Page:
The result of this approach: With 4% of the world’s population the United States has 20% of the global deaths from the virus. According to the CDC Data Tracker, as of September 29th, nearly 205,000 Americans have died of Covid-19 (equivalent to the entire population of the city of Houston, Texas). The total cases of Covid-19 in the U.S. now exceeds 7.1 million. In the one week leading up to 9/29, there were more than 300,000 new cases of Covid-19 in the United States, with the hot spots now concentrated in the mid-west and south as shown on the attached map. These numbers indicate that we are far from returning to our pre-Covid lives. Without a national plan, states are scrambling. The state-by-state disparate approaches to Covid-19 have resulted in some states banning residents of others from visiting without quarantine and has states vying with each other (and the federal government) for Personal Protective Equipment.
The Politicization of Masking – and a Vaccine
While experts agree that universal masking is the best way to protect yourself and others from the virus, with no universal masking plan – and no statement of encouragement from national leadership – even this simple preventative step has become a politicized statement rather than a tool against the virus. Robert Redfield, Director of the U.S. Center for Disease Control, testified to a Senate committee on September 16th, saying, “this face mask is more guaranteed to protect me against COVID than when I take a COVID vaccine,” and added that a vaccine would not be widely available to Americans until late in the second quarter of 2021. Within hours the President told reporters in a news briefing that Redfield “made a mistake,” and “must have misunderstood the question.” Moreover, Trump claimed here that a vaccine would very soon be readily available: “We’re all set to distribute immediately. We are set to — it could be in October, or in November. It could be later than that, but I think it will be in October.”
The Trump administration, to its credit, has invested heavily in vaccine research – though it has also withdrawn from long-established international norms for collaboration with other countries to pool learning and resources towards a quicker, better solution. A number of pharmaceutical companies including Pfizer, Moderna, and AstraZeneca have vaccines in the advanced stages of clinical trials. Reports say that the FDA is under pressure from the Trump administration to approve a vaccine before the November election, but experts attest that the Phase 3 trials are too crucial to rush; this is the stage when the drug is proved safe and effective. According to an article in Newsweek, a 2018 study from the journal of Biostatistics “found that two out of three vaccine candidates ultimately fail to be approved.” The companies manufacturing the vaccines have banded together to reassure the public that no vaccine would be approved and released before it is adequately tested.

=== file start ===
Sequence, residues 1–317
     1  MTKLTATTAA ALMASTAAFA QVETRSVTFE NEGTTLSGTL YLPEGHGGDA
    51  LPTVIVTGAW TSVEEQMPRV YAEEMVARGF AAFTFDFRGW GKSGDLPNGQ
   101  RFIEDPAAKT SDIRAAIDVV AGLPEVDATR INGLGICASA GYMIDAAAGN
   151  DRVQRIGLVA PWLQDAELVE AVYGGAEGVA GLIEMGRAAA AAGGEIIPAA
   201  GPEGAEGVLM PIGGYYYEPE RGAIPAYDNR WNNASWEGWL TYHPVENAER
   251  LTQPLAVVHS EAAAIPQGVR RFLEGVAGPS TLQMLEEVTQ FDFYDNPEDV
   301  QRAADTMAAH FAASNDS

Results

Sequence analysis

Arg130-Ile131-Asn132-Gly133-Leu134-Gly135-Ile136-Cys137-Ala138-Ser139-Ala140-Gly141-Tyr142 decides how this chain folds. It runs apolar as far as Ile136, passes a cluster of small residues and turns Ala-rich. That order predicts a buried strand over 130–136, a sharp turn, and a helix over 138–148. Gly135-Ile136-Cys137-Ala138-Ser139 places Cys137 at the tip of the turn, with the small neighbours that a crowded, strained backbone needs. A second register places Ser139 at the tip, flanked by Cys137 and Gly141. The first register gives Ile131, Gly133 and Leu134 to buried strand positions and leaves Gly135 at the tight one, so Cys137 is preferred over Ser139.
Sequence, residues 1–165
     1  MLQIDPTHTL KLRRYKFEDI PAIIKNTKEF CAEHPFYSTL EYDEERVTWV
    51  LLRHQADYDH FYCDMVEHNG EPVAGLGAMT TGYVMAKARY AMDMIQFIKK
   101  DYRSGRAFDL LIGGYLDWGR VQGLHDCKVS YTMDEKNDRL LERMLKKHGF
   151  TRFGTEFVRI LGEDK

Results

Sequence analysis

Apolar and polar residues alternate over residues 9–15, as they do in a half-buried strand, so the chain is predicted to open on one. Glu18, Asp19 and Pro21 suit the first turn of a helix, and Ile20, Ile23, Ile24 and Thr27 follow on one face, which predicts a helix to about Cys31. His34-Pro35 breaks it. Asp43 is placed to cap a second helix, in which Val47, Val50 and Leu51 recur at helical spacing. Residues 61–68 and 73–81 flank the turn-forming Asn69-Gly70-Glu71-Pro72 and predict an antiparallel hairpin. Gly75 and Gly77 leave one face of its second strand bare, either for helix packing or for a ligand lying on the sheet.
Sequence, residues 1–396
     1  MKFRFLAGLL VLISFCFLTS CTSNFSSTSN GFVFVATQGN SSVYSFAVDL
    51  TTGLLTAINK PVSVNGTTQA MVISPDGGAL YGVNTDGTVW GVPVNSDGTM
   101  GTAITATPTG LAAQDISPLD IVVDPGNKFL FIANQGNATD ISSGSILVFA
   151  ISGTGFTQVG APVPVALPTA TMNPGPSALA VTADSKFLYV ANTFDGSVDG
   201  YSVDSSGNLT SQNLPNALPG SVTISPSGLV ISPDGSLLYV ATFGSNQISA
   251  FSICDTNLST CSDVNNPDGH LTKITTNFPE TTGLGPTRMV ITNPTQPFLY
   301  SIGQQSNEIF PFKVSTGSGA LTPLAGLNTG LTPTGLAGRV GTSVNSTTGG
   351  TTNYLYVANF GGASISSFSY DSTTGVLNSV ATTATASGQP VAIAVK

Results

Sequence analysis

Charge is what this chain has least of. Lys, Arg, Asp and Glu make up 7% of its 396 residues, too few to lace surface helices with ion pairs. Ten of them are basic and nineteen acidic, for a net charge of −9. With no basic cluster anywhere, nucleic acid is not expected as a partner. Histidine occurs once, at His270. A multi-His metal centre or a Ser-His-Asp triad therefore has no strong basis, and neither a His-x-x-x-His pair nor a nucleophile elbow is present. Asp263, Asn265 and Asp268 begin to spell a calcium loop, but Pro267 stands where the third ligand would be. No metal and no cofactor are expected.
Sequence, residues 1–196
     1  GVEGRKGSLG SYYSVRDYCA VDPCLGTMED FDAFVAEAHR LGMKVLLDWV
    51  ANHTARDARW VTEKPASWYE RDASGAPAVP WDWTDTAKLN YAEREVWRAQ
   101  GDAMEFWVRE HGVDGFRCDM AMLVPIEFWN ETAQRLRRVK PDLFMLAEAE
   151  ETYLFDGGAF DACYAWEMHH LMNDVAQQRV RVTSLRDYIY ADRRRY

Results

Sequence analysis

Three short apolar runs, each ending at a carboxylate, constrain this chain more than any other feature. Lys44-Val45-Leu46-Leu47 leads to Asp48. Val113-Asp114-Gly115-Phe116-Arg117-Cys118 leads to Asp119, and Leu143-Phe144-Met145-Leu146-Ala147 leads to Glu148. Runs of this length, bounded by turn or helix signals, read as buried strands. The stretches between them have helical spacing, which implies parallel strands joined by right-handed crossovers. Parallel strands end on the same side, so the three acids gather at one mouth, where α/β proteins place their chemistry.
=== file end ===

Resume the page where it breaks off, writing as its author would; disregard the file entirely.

What about Biden?
Joe Biden has developed a detailed program, The Biden Plan to Combat Coronavirus (Covid-19) and Prepare for Future Global Health Threats, which outlines his goals and a broad array of measures he would seek to implement. Key among those goals is the need to restore public trust in the federal government’s message, and Biden would launch this effort by calling both Democratic and Republican governors and mayors across the country to ensure that not only does the federal government speak with one voice, but that Americans hear the same message from state and local leaders. This is a diametrically different approach than Donald Trump’s “you’re on your own” philosophy. Biden has assembled what the Washington Post, in an article ironically published on 09/11/2020, calls a “war-cabinet-in-waiting” with key public health experts from prior administrations already drafting plans for distributing vaccines and personal protective gear, dramatically ramping up testing, reopening schools and addressing healthcare disparities. Biden intends for these measures to be ready-to-go, in case he wins the election, on January 20, 2021.
The Bottom Line
It is, we believe, fair to say that the Trump administration was ill-prepared for this, had in fact explicitly dismantled already-laid plans and preparations, and that its response to the coronavirus pandemic has been disjointed, lacking in cohesion, and likely driven by a desire to ensure that Donald Trump’s apparent strengths are maximized with respect to the upcoming election. While all Americans (or most, anyway) wish him a recovery to full health, it’s plainly evident that the White House’s rejection of CDC guidelines regarding distancing and its politicization of mask-wearing led directly to the infections in the White House, and to a growing number of others who attended Presidential gatherings in the days before the President was hospitalized.
Joe Biden has had no role in shaping America’s coronavirus response over the past year, but on a prospective basis, he has developed a clear plan that recognizes the serious risk and places science on an equal footing with economic and social objectives, and is laying the groundwork to implement his program immediately upon assuming the presidency. Trump’s program clearly has failed spectacularly and on this issue, a very different approach is called for.